My friends in these remaining days of Elul we all need to dig deep and discover why we are here. In just a few days G-d is going to judge us not so much for who we are but rather for who we are going to become. We can choose to be passive bystanders or commit to actively taking action in our unique way to heal and bring light into our world.
Many chose to escape reality thinking that they will find meaning and comfort by disengaging from the world while others find G-d and themselves deeply embedded in the world.
גם כי אלך
לא אפחד, כי לעולם איני בודד
I will never fear as I am never alone
לא אאבד, כי לצידי תמיד עומד
I will never be forsaken for besides me always stands
אל גדול ונורא אשר במוצא פיו ברא
an awesone and great G-d who uttered into existence
עולמות ונשמות ואת ארצו היחידה
worlds, souls and his precious land
גם כי אלך בגיא צלמוות, לבדי
Even when I walk in the valley of darkness, alone.
לא אירא רע לא אפחד כי אתהעמדי
I will fear no evil for You are with me;
שבטך ומשענתך המה ינחומני
Your rod and Your staff…they comfort me.
ולא אהיה יותר ירא כי שומר עליקוני
I will fear no longer for my Creator is my protection
לא אכנע, מכל מכשול מכל בחינה
I will not yield before every challenge and trial
אושיע נא, כך אקרא בעת צרהלעזרה
Please redeem me I will call out for assistance in times of trouble
ומחילה, מאל שומע תפילה
And forgiveness from a G-d who hears my prayers
אם נבקש ונתעקש תעלה תפילתנוכעולה
If we plead and demand our prayers will ascend life a sacrifice
On the walls of shules throughout Europe the words אין יאוש בעולם - there is no despair in the world, were engraved. These words carry a message of hope that have inspired the Jewish People throughout its journey. These words were whispered by Jews in trying times as they marched to a world beyond ours. These words were shouted by Jews who could have or perhaps should have given up but believed that so long as their heart beat in their chest they would remain faithful to G-d, come what may.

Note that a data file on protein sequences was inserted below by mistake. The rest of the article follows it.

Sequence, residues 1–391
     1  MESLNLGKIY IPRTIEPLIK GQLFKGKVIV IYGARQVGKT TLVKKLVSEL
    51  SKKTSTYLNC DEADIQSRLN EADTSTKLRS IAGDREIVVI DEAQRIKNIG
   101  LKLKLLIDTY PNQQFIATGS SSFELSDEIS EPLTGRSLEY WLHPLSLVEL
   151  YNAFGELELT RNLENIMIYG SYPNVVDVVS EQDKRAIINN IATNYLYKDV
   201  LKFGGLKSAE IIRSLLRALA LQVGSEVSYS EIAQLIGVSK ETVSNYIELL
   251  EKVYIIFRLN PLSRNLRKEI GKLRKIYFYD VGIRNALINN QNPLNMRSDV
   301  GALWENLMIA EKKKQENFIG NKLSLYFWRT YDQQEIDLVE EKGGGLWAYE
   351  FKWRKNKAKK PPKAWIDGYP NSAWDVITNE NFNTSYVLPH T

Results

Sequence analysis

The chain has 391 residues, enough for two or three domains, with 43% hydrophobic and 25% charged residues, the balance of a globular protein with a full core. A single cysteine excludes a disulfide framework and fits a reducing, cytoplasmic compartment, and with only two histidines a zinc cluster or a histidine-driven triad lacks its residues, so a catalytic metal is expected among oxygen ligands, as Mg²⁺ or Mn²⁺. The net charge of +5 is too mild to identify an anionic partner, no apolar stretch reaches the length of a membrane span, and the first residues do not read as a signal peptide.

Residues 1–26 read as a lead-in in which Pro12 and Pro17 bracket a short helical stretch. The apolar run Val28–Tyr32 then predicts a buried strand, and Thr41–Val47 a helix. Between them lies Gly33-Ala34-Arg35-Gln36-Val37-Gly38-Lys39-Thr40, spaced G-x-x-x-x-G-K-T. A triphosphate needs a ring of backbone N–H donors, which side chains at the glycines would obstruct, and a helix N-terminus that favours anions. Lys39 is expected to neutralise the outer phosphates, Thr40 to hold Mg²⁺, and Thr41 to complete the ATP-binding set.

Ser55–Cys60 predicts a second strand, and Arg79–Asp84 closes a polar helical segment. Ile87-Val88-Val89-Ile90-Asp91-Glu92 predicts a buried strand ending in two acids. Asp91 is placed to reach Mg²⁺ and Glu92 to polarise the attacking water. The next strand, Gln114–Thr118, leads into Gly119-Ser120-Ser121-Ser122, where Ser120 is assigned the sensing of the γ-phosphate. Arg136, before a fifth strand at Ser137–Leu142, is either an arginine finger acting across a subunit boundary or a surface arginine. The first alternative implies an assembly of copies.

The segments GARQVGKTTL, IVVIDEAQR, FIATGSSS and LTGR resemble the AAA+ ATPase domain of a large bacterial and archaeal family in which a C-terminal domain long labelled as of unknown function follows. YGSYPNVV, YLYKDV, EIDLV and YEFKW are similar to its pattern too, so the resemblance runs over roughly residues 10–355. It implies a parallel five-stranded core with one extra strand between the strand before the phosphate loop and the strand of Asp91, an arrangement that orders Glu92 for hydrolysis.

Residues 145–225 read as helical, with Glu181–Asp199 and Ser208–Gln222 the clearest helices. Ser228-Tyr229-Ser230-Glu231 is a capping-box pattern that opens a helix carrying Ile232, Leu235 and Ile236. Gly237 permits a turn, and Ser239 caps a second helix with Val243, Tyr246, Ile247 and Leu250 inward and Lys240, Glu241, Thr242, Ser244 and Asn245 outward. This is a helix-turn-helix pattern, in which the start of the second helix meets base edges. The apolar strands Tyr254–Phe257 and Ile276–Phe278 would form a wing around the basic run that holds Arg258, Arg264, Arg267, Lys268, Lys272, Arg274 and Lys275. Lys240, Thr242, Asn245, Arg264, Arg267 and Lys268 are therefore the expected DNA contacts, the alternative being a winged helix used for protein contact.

Yet we often find that when confronted with challenges we tend to despair. We feel that we are trapped or imprisoned in a reality that we know not how to escape from. And when that occurs our energy is sapped and we are left drained, numb and vulnerable. While at times we may crumble under the pressure as we accept our fate and choose to ignore our destiny.
Inevitably throughout our lives we will be tested. We will be pushed to the limits our our perceived potential as the Master of the World beckons and hopes for us to achieve what we were sent here to accomplish. At moments on challenge we have a choice. We can choose to rebel, resist or delete the messages being sent and succumb to a life of 'could have been' or we can choose to see beyond the façade and allow those messages to permeate our inner essence and awaken us to realize our inner beauty, purity and mission.